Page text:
A final point: “culture” encompasses an enormous range of components, including words, values, beliefs, habits, desires, and many more. Given this range, it is useful to carve out narrower domains for study. Language is one. I am especially interested in the domain of values, so I would focus on the interconnections among the values that people hold.

Note, however, that there is no neat way to distinguish values from other aspects of culture, such as desires and urges or beliefs about nature. In his influential empirical theory of moral psychology, Jonathan Haidt identifies at least five “Moral Foundations,” one of which is “sanctity/degradation.” I would have treated this category as a powerful human motivation, akin to sexual desire or violence, but not as a moral category, parallel to “care/harm.” Maybe Haidt is right, or maybe I am, but the evidence isn’t empirical. People actually see all kinds of things as the basis for action and make all kinds of connections among the things they believe. They may link a moral judgment to a metaphysical belief, or a personal aversion, or an aspect of their identity, or a belief about prevailing norms. When we carve out an area for study and call it something like “morality” or “ethics” (or “religion,” or “politics”) we are making our own claims about how that domain should be defined. Such claims require philosophical arguments, not data.

So the steps are: (1) define a domain, a priori, (2) collect a corpus of material relevant to that domain, (3) map it as a network of ideas, and (4) map the human relationships among people who hold different idiodictuons.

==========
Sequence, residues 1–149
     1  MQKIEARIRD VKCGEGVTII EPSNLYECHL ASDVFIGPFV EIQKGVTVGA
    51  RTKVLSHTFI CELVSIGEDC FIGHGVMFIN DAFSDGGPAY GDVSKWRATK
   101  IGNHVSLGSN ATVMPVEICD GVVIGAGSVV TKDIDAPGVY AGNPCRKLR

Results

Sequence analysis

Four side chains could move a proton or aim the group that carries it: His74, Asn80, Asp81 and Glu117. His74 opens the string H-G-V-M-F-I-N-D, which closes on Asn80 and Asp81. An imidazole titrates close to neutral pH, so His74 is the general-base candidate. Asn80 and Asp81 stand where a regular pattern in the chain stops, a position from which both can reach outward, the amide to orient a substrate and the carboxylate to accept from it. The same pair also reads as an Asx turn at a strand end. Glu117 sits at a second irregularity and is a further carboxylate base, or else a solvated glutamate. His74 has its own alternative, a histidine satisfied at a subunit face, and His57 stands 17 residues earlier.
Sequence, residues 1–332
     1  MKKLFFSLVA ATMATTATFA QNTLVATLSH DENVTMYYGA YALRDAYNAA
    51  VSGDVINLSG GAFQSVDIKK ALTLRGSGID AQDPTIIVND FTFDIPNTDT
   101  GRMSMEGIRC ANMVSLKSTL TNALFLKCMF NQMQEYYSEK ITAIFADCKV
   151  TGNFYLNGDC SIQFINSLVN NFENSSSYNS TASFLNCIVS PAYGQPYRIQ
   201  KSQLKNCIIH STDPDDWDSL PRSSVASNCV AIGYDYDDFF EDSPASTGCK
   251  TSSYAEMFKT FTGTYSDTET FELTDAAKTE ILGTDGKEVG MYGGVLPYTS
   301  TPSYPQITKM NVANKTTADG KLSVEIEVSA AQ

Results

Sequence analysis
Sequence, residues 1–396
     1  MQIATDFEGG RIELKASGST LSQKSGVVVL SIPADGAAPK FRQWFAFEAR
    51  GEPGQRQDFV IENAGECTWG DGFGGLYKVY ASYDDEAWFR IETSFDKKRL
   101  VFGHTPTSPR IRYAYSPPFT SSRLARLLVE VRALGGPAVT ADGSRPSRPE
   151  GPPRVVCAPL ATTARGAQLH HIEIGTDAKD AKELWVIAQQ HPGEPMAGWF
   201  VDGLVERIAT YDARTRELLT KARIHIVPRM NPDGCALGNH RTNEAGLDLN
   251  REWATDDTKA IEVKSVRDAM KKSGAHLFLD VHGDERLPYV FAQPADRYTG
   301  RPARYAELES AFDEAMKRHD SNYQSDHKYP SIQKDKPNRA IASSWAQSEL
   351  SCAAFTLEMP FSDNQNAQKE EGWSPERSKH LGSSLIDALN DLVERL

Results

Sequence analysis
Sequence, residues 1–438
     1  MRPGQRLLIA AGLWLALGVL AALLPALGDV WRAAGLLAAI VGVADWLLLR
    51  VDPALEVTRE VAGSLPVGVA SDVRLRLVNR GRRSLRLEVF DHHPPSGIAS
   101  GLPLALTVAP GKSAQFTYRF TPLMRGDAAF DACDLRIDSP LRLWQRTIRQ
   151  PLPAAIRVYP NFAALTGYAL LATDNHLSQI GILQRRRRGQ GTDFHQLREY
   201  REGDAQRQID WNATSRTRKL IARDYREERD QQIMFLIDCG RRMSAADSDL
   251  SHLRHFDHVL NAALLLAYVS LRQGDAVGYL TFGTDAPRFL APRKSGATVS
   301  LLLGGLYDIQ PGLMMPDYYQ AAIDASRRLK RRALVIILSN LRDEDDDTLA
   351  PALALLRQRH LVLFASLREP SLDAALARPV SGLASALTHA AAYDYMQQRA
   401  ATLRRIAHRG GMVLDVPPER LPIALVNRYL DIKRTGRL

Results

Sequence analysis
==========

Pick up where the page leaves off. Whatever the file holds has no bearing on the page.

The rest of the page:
For me, the ultimate point is to try to have better values, and the study of what people actually value is preparatory for that inquiry. Clifford Geertz concludes his famous “Thick Description” essay: “To look at the symbolic dimensions of social action–art, religion, ideology, science, law, morality, common sense–is not to turn away from the existential dilemmas of life for some empyrean realm of de-emotionalized forms; it is to plunge into the midst of them. The essential vocation of interpretive anthropology is not to answer our deepest questions, but to make available to us answers that others, guarding other sheep in other valleys, have given, and thus to include them in the consultable record of what man has said.” 


  • Geertz, Clifford, “Thick description: Toward an interpretive theory of culture.” In Geertz, The interpretation of cultures. Basic books, 1973. (pp. 41-51).
  • Goodenough, Ward, Cooperation in change : an anthropological approach to community development. New York, Russel Sage 1963
  • Goodenough, Ward H. In Pursuit of Culture, Annual Review of Anthropology 2003 32:1, 1-12
  • Goodenough, Ward H. Culture, Language and Society (Menlo Park: Benjamin Cummings, 1981)
  • Mashall, Mac, “Culture, Language, and Society by Ward H. Goodenough” (review), American Anthropologist, 84: 936-937.